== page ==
Applying ICS to a CBRN Incident

Incidents that are not site specific, are geographically dispersed, or evolve over longer periods of time may require extraordinary coordination among response participants including federal, state, tribal, and local governments, as well as non-governmental organizations and the private sector.  The National Incident Management System (NIMS) document additionally states that chemical, biological, radiological, and nuclear (CBRN) incidents may present unique challenges for the commonly applied Incident Command System (ICS) structure.

EMSI took this incident management challenge head on at the recent National Radiological Emergency Preparedness (NREP) Conference in Sacramento, CA.  In a case-study driven presentation, EMSI conducted a training session for nearly 75 participants on complex incident management in the nuclear/radiological environment.  The session tackled some of the incident management challenges created by the nuclear/radiological environment and discussed how to overcome them through the application of advanced ICS and incident management concepts.

Some of the concepts explored included:

  • Incorporation of technical responders into an ICS organization
  • Decision-making in a nuclear/radiological incident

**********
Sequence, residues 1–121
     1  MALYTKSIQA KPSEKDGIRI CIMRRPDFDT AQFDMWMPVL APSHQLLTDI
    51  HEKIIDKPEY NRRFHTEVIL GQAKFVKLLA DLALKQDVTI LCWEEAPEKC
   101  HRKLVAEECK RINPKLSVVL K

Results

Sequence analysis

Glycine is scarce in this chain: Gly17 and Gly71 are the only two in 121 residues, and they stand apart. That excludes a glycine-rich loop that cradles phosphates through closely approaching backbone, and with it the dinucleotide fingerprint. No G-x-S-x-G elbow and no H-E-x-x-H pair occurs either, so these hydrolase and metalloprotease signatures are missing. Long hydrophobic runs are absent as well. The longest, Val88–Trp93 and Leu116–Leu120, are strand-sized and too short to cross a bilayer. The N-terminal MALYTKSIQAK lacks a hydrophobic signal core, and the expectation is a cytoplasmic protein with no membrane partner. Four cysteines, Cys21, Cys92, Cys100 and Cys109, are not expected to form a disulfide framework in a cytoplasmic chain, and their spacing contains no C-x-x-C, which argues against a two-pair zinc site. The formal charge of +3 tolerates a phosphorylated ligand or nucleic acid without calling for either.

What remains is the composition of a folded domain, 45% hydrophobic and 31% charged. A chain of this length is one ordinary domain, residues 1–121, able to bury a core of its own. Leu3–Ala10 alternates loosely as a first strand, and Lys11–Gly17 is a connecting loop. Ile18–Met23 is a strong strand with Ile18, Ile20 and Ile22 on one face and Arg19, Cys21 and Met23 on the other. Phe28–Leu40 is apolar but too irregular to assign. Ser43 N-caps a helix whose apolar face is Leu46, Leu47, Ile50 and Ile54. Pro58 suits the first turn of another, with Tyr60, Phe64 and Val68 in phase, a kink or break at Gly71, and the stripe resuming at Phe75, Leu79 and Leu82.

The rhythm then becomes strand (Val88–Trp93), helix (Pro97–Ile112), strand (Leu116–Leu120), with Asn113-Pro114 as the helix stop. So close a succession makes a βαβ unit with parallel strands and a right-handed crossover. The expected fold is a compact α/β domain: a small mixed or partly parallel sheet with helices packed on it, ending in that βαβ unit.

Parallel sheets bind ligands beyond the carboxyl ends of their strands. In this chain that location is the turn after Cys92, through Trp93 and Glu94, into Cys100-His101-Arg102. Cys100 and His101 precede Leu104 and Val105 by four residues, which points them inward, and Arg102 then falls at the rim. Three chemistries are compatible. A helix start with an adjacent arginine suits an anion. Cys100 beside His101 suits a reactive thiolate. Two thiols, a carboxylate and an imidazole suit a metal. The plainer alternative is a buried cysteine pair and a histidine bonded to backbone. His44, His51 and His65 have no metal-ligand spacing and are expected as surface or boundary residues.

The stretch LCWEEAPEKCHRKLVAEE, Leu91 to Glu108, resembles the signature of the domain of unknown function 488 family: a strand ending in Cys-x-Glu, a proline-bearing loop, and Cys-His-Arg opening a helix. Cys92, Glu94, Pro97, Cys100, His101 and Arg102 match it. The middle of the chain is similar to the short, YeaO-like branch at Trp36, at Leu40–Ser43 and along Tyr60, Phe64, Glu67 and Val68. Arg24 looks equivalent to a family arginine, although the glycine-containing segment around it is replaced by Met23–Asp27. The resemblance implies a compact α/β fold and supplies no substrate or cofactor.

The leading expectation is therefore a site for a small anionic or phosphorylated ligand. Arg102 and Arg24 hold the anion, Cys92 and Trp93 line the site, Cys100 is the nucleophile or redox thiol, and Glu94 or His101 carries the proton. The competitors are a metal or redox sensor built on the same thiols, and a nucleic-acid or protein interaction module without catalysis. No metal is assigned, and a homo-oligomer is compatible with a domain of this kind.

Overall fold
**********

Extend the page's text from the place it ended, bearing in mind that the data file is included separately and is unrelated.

• Managing extended initial response operations
  • Unified Command
  • Implementing Branch Level Planning
  • Dividing a single incident into two or more incidents
  • Implementing Area Command
  • Utilization of off-site technical support
  • The role of the Multiagency Coordination System (MACS)
  • ICS-MACS interface

EMSI’s vast experience in complex incident management and hazardous materials response has helped inform some of the advanced incident management approaches to CBRN incident management.  EMSI personnel have been involved in the management of several complex hazardous materials incidents including Anthrax at the Capital (2001), the oil and hazardous materials response following Hurricanes Katrina and Rita (2005), Deepwater Horizon oil spill (2010), and the Fukushima Daiichi Nuclear Disaster (2011).

EMSI would like to thank the NREP Conference for hosting us and the response professionals who attended the session.  We look forward to the NREP Conference in Charleston, SC next year.